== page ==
#12 in 1977

“You and Me”

#9 in 1977

“How You Gonna See Me Now”

#12 in 1978

I know, I know. Alice Cooper, Shock Rocker. In your face, “No More Mr. Nice Guy”, “School’s Out” Alice. To the uninitiated he was one-dimensionally demented. But I’ll say this for the man Bob Dylan called the most underrated songwriter of his generation: he could write a pretty ballad. No less than three qualify as Forgotten Hits in my book. All date from a period when he was trying to kick the bottle and change (or at least broaden) his image.

His personal life needing to be put in order, Alice the man had to learn to keep Alice the character onstage, for the sake of his own sanity and longevity. Like Kiss a couple of years later, he even took the makeup off. Looks rather charming I think on the “You and Me” 45 sleeve above–though it’s hardly Peter Frampton in pink silk pants…

____________________________________________________________

sally g

Paul McCartney: “Sally G”

#17 in 1975

Ever restless in the first post-Beatles decade, Paul seemed to record in a different location each time he worked on a record. The flip side of non-album single “Junior’s Farm” came from sessions he recorded in Nashville in 1974–and the fiddle and steel guitar didn’t exactly make it a country song. They made it a McCartney song with fiddle and steel guitar. But even as a stylistically atypical B-side it went top twenty on the pop charts. A cute, largely forgotten piece of Paul’s catalog.

____________________________________________________________

 Hearts

America: “Woman Tonight”

#44 in 1976

Although the guitar effect known as the “talk box” has a history dating back to 1939, Peter Frampton’s use of the effect on Frampton Comes Alive‘s “Do You Feel Like We Do” was the effect’s first exposure to many. But a few months earlier America (of all people) used it on the reggae-tinged single “Woman Tonight”. The song isn’t typical of America’s stuff–it’s neither the dour meditation of “A Horse With No Name” or a pretty harmony-laden ballad like “I Need You”. It sounds like a party song. And maybe it’s because it sounds so little like an America song that radio programmers have left it behind. Or maybe it’s because it never charted very high in the first place. Either way it deserves another listen.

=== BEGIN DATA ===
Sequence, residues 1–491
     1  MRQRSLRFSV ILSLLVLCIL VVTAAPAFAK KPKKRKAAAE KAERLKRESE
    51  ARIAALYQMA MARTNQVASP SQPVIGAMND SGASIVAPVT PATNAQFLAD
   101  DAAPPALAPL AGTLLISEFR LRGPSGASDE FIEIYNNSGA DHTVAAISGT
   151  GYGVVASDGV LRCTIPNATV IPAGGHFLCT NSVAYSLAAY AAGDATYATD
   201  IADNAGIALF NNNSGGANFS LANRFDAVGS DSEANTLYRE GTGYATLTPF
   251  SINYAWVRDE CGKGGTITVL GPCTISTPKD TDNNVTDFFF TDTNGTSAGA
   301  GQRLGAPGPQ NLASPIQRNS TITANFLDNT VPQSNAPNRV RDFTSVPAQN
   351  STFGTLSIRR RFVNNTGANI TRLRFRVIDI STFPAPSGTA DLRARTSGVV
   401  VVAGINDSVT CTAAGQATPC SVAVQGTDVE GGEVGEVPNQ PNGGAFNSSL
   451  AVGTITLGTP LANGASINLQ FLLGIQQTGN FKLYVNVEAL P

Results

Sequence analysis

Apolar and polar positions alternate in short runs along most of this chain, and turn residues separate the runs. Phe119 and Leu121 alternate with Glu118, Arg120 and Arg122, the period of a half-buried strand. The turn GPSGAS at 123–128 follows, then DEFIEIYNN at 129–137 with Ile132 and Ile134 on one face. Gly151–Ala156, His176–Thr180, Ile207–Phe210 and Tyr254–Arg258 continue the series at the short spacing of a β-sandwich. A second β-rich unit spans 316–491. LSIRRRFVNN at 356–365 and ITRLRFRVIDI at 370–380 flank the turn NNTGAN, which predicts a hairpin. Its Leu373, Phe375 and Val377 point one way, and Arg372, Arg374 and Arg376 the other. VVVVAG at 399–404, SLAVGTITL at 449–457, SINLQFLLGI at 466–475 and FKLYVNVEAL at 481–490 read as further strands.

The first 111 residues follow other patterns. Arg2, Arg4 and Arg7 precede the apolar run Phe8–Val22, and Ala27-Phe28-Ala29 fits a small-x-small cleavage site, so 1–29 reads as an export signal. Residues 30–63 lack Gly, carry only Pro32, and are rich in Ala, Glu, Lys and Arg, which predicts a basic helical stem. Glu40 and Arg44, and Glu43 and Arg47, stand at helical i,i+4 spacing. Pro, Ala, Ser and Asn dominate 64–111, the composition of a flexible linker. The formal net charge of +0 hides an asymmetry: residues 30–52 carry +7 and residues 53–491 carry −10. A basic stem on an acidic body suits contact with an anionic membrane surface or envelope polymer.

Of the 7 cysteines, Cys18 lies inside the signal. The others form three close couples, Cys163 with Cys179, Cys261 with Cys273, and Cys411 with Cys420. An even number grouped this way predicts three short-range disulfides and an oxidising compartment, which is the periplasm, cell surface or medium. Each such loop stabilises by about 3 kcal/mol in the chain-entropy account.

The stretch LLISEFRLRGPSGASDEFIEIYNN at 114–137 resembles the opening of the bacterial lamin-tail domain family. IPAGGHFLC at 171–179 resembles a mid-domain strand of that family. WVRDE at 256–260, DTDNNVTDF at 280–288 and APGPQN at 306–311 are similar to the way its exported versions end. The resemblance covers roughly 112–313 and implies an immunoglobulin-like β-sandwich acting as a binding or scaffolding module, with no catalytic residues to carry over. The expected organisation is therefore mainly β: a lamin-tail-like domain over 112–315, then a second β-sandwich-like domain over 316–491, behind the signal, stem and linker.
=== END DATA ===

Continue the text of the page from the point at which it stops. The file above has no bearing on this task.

___________________________________________________

Endless Wire

Gordon Lightfoot: “The Circle is Small”

#33 in 1978

“The Circle is Small” was the final top 40 hit in Gordon Lightfoot’s nearly 8-year run as a pop star. He’d never really followed up the success of the #2 “Wreck of the Edmund Fitzgerald” a year and a half earlier. Funny how you don’t really see the end of an artist’s run until a few years go by and you’re wondering whatever happened to… Such was the case with Lightfoot, at least as an American pop artist. He remains a Canadian folk music legend, though, to this day.

Gord’s hits like “Sundown”, “If You Could Read My Mind” and “Carefree Highway” fit the playlists of senior radio perfectly. But they’ve never found a place in the rotation for his final chart hit. The circle is small, indeed.

_________________________________________________________

5th

The Fifth Dimension: “If I Could Reach You”

#10 in 1972

“If I Could Reach You” was the last top ten, or even top thirty, hit of the many the Fifth Dimension racked up between 1967 and ’72. The sophisticated, proto-Adult Contemporary ballad peaked at #10 and I don’t know why it doesn’t slot into the same radio formats that still keep “Wedding Bell Blues” and “One Less Bell to Answer” and “(Last Night) I Didn’t Get to Sleep at All” in the mix. Marilyn McCoo’s melancholy delivery nails it on this ode to unrequited love. Should be a classic. It’s a buried treasure instead. Dig it.

%d bloggers like this: